Please donate generously to Cancer Research : https://www.justgiving.com/fundraising/Dan-Thompson11
Date : 18th March, 2019
Time : TBC *
Number of runners (total to date) : 30 (3695)
Number of talk attendees (total to date) : 39 (2554)
Run map and details : https://connect.garmin.com/modern/activity/3490393895
Rachel Jones is a Djibouti based runner – and a writer about running. Her articles can be found, inter alia, on Runners World.
Denise ‘da bees knees’ came across Rachel during her Djibouti research, tracked her down, and asked if she’d very kindly agree to help with Run the World Djibouti. She would. Hooray!
Rachel is married to Tom Jones. Not the hip gyrating Welsh singer of ‘Delilah’** and ‘The Voice’ fame. Rather the founder, and now Director, of the International School of Djibouti (ISD.
So when Rachel met me off the 15 hour journey from London she whisked me, bleary eyed but hopefully vaguely coherent, straight off to the ISD. Where it was my pleasure to talk to 39 students and staff.
Regular readers will know that the students I talk to rarely fail to come up with new questions – and the ISD audience was no exception. “Do you have any pets?” and “How many houses have you borrowed [while travelling around the world]?” being two of my favourites.
Pictured above, they were a delightful set of students – a credit to ISD.
A couple of hours of downtime at my hotel followed before Tom drove Rachel and myself to Balbala Stadium. The stadium is in a deprived and socially conservative part of town.
But every week, 20-30 local girls make their way to the stadium, divest themselves of their hijabs and prepare to run.
They’re all members of Girls Run 2, a running club for girls set up by Rachel, and trained by coach Nasra. On the afternoon I was there, Nasra set them to do laps followed by a stretching session and a knock about game of football. (Between training sessions, Nasra acts as something of a life coach helping the girls to get into, and then stay at, school.)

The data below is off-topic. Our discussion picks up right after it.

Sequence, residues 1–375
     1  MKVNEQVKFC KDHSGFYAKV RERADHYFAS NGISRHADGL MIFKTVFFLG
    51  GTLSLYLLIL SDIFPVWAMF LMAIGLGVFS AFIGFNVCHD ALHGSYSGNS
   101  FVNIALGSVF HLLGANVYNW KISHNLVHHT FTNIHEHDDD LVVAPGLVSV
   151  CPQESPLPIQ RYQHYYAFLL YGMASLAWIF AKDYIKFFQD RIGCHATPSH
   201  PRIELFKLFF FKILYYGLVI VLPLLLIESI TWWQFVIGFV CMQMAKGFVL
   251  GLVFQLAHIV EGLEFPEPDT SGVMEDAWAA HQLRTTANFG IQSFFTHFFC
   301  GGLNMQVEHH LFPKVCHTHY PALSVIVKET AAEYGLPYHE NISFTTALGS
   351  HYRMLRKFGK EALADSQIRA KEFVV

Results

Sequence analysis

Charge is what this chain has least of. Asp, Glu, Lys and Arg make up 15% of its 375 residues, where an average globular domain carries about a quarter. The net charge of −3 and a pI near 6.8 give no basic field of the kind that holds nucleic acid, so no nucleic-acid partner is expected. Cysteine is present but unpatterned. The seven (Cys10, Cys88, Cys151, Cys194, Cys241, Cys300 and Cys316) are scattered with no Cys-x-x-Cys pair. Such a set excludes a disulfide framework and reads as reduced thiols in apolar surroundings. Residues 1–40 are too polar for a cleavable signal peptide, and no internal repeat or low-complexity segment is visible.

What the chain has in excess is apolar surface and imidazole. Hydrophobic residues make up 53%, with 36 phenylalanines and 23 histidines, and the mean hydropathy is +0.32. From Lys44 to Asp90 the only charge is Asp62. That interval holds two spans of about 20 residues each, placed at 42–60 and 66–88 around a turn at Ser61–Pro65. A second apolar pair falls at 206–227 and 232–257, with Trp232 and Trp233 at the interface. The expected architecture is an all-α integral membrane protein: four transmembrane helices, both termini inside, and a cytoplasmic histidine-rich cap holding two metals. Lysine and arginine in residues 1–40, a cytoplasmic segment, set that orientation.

A bit before 6pm, a number of other runners arrived including UN employees and a contingent from the Royal Marines. After a quick welcome speech we all ran a lap of the stadium together with the girls and then headed off back into town for our 10 km.
Shortly after we left the stadium a stone hit my calf. At the time I didn’t think much about it as I was deep in conversation with Andrew about Socotra, a Yemeni island that might be the answer to my ‘where can I run safely in Yemen’ conundrum. At the end of the run Rachel told me that, not the first time, she’d also had stones thrown at her and one of them had hit her in the face.
But I wouldn’t want that to detract from the memory of an excellent run on a lovely evening. And I’m pleased to report that amongst those who completed the 10 km
were coach Nasra (I’m not proposing – it was height differential thing)
and two of the Girls Run 2 club members – which was pretty impressive at their age.
It just remains for me to say a huge thank you to Rachel, Tom, the staff and students at the ISD, Nasra, the Girls Run 2 club, Andrew, Beca and all my fellow runners for the hospitality, company and donations. I thoroughly enjoyed my time in Djibouti and, if anyone can make it, then it would be great to see you in London on July 4th 2020 for the UK and final leg of Run the World!
If you’d like to help fight cancer then I and, far more importantly, cancer sufferers around the world, would be immensely grateful for any donations to Cancer Research : https://www.justgiving.com/fundraising/Dan-Thompson11